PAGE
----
Well, yeah, but it's not till November of next year, so doesn't that make it "a couple?"
If I were the Boston Pops, I'd break my contract with CBS. The network (at least in Hawai'i) only scheduled one hour for their famous 4th of July show last night on the Esplanade, and the Pops only appeared in the first half at that. The entire fireworks part of the show was accompanied by canned country music. No 1812 Overture, no Sousa, no nuthin'.
Go back to A&E, Pops!
I was looking for a rendition of The Stars and Stripes Forever on YouTube, thinking of Horowitz or the Boston Pops or something similar. Imagine my surprise at finding the Oahu Civic Orchestra performing it on July 1, 2007 in Kailua.
Alaska Gov. Sarah Palin (R) announced this afternoon she will resign from office on July 26 and return to private life, a stunning decision by last year's Republican vice presidential candidate to leave office before the end of her first term.
I have been observing national politics in this country for about forty years, and I can't think of another case of flameout occurring so quickly after the politician's appearance on the national stage. Mark Sanford had been in Congress for six years before he became Governor of South Carolina. John Ensign had been in Congress for four years before winning a Senate seat in Nevada on his second try. John Edwards had been a Senator for six years when he and John Kerry lost the 2004 election, long before his affair took place. Larry Craig had been in the House for ten years and the Senate for eighteen before his arrest in the Minneapolis airport. David Vitter had been in Congress for four years before his election to the Senate.
Even if you go back in history, Wilbur Mills had served in Congress for thirty-seven years when he took that dip into the fountain in 1974. Dan Rostenkowski had been in the House for thirty-six years when he got caught exchanging stamps for cash at the House Post Office. Bob Packwood had served twenty-seven years in the Senate before his sexual harassment behavior became public knowledge.
Sarah Palin was elected Governor of Alaska in 2006 and today announced her resignation effective July 25, 2009. I think it's fair to say nobody in the Lower 48 (or out here in Hawai'i) had ever heard of her until Senator McCain announced she'd be his running mate on August 29, 2008. In eleven short months she's gone from VP candidate to lame-duck Governor.
I understand why Obama is letting Congress take the lead on crafting health care reform; he's taken a lesson from the 1993 debacle when Congress was presented with a complicated package and never voted on it, and if Congress writes the reform its authors will be more inclined to fight for it. But I can't help thinking of the old line about camels: they're horses designed by committee.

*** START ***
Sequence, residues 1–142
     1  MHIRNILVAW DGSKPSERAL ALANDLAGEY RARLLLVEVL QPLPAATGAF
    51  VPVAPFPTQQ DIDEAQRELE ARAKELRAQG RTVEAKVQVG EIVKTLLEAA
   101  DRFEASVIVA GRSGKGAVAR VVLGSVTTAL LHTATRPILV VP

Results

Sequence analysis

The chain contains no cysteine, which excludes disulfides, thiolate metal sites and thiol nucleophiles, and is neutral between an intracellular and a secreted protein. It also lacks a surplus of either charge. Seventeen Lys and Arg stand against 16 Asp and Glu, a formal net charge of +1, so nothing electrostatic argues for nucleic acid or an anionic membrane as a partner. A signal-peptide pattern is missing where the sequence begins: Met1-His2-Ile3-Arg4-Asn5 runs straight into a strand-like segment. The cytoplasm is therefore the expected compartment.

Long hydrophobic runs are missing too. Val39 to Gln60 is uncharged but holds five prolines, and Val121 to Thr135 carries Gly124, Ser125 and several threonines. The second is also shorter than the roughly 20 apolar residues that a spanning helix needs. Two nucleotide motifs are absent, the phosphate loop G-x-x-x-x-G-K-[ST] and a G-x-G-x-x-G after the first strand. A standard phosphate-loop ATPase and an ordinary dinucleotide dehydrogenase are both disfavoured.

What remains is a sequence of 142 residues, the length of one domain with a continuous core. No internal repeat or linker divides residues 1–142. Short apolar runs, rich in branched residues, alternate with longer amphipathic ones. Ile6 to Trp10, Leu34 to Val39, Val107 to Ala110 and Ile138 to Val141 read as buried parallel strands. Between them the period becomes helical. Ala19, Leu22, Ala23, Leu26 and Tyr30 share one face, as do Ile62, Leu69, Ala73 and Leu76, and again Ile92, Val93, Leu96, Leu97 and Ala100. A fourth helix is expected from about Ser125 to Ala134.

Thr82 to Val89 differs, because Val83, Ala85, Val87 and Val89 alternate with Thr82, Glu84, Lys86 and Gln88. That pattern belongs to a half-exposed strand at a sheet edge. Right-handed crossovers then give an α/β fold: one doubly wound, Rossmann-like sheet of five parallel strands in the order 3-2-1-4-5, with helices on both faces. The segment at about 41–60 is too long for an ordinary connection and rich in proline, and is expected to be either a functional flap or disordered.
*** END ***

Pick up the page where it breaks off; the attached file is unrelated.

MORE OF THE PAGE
I worry that whatever emerges is going to be either terribly watered down to reach the lowest common denominator or it's going to be so packed with givebacks to the big-money special interest groups that it won't do the job it should: ensure that the 47 million Americans who don't have insurance can get coverage, and ensure that the rest of us won't be sandbagged by private insurance companies who deny us coverage when we need it most.
A few years ago I was given a T-shirt which has in large print on its front "Lead Me Not Into Temptation" and in smaller print below that "...Particularly Bookstores"
This ain't gonna help. It's at the bottom of my hill; it marks its books at two prices: $1 and $3. It opened this week, but I didn't know about it till I went into the mall to pick up a prescription today.
I walked out with two $1 books by Pratchett: Night Watch and Monstrous Regiment.
Nineteen House Democrats wrote to Speaker Pelosi to say any health care plan must exclude coverage for abortion procedures or they won't vote for it.
Here are their names:
Reps. Dan Boren (D-OK); Bart Stupak (D-MI); Colin Peterson (D-MN); Tim Holden (D-PA); Travis Childers (D-MS); Lincoln Davis (D-TN); Heath Shuler (D-NC) Solomon Ortiz (D-TX); Mike McIntyre (D-NC); Jerry Costello (D-IL); Gene Taylor (D-MS); James Oberstar (D-MN); Bobby Bright (D-AL); Steve Driehaus (D-OH); Marcy Kaptur (D-OH); Charlie Melancon (D-LA); John Murtha (D-PA); Paul Kanjorski (D-PA); and Kathleen Dahlkemper (D-PA).
If one of these is your representative and you think any health care plan ought to include coverage of abortion, you might want to call and say that letter doesn't express your position and that you'd like your representative in Congress to remember that not all constituents think alike.
Dear Governor for-the-moment Sanford: Stop digging!
The old adage is "It ain't the crime, it's the cover-up." Sanford seems to have taken that to heart. Once the crime was discovered, we've been treated to a seemingly-endless series of apologies for his behavior.
How many apologies can one man make? Were I you I'd either be holed up somewhere trying to reconcile with my wife and kids or I'd be instituting divorce proceedings so I could start a new life with my lover. I sure as hell wouldn't be sitting down with The Associated Press for a three-hour interview.